I have always been a thinker and I am obsessed with efficiency, but it wasn’t until recently that I realized the (ironic) inefficiency of my thought process. I tend to ruminate, and the more invested I am in ruminating, the more anxious I become. The more anxiety I feel, the more time I invest ruminating. This is clearly not an effective way to move forward.
What I have come to understand is that when thoughts are dragging me down I can just let them go. I don’t have to figure it all out. And even if there’s something that I do need to figure out, it doesn’t have to happen immediately. I can put it aside and come back to it later.
I have found inspiration on this theme in two books that I have read recently: Designing Your Life: How to Build a Well-Lived, Joyful Life and The Gifts of Imperfection: Let Go of Who You Think You’re Supposed to Be and Embrace Who You Are. In Designing Your Life the authors tout the value of “design thinking”. They explain that “designers don’t think their way forward, [they] build their way forward.” The five mind-sets for learning how to do this are: curiosity (play), bias to action (try stuff), reframing (find the right problems), awareness (know it’s a process), and radical collaboration (ask for help).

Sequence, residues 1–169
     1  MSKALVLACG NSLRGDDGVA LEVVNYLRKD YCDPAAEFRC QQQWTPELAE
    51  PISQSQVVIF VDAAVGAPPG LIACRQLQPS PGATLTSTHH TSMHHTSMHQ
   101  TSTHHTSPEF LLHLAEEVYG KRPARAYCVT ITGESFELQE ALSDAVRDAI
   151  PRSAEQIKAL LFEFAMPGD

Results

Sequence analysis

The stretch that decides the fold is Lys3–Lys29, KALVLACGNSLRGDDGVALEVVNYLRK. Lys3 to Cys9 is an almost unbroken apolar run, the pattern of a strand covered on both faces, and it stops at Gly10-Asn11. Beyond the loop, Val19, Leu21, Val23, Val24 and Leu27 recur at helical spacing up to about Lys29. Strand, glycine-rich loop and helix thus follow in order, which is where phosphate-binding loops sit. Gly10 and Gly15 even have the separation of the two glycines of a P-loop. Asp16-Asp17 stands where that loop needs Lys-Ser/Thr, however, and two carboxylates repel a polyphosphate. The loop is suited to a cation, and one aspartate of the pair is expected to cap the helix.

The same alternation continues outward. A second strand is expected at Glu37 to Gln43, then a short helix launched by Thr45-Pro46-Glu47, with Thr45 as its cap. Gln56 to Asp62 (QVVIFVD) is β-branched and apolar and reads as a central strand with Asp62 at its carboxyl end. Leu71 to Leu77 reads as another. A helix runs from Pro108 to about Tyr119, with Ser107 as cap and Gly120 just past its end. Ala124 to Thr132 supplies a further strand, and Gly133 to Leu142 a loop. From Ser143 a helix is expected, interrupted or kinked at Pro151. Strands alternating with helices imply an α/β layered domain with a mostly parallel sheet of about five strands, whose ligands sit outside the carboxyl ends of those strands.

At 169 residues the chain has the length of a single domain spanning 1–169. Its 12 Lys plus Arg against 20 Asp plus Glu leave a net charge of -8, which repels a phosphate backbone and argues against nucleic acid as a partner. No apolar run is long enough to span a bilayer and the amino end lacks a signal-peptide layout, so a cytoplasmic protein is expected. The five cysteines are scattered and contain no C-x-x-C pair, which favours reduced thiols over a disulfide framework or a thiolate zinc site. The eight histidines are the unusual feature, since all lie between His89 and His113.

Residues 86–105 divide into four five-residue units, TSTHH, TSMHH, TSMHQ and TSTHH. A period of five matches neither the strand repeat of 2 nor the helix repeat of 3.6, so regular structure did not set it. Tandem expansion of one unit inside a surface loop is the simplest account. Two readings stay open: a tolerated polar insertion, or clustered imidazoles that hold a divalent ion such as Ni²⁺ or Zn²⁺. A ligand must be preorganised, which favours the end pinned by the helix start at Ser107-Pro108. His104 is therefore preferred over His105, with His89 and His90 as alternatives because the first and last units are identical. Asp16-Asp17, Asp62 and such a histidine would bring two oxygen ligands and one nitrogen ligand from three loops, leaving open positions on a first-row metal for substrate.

In The Gifts of Imperfection, Dr. Brown talks about living whole-heartedly. She uses the acronym D.I.G. DEEP: be Deliberate, get Inspired, and get Going. The overlap I noticed between the two frameworks is based on the themes of thinking clearly and taking action (and how crazy is it that I just wrote this post about digging a hole?!)
Both books offer a similar prerequisite for thinking clearly and taking action: letting go. Designing Your Life includes messages such as “let go of the end goal” or “stop trying to get it right” ; and Dr. Brown even says it in her book title: “let go of who you think you’re supposed to be”.
Of course understanding this concept and putting it into practice are two different things. I’ve been using “let go” as a mantra for over a decade, but it wasn’t until recently that I have actually learned what it feels like to let go. Just saying it wasn’t enough. I had to be willing to do it.
Whenever I notice that my mind is starting to spin I remind myself that a spinning wheel makes no progress. I have to be honest with myself, and I have to allow myself to be vulnerable, to stop spinning and start moving forward. (side note: for me moving forward usually starts by doing something fun and easy that give me energy…or meditating–my favorite app is Headspace)
Whenever I am able to achieve clarity I find that time goes by more slowly, I feel less stressed, and I act more deliberately. With a clear head I can achieve more, at a higher quality. How fitting that the words related to clarity are brightness, brilliance, luminosity, sharpness, and precision.